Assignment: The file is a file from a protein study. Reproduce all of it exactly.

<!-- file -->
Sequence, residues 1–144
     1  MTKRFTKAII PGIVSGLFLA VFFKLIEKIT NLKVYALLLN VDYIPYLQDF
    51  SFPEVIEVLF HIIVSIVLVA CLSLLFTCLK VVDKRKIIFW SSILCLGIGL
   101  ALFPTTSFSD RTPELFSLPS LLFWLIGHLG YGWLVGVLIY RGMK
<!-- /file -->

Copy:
Sequence, residues 1–144
     1  MTKRFTKAII PGIVSGLFLA VFFKLIEKIT NLKVYALLLN VDYIPYLQDF
    51  SFPEVIEVLF HIIVSIVLVA CLSLLFTCLK VVDKRKIIFW SSILCLGIGL
   101  ALFPTTSFSD RTPELFSLPS LLFWLIGHLG YGWLVGVLIY RGMK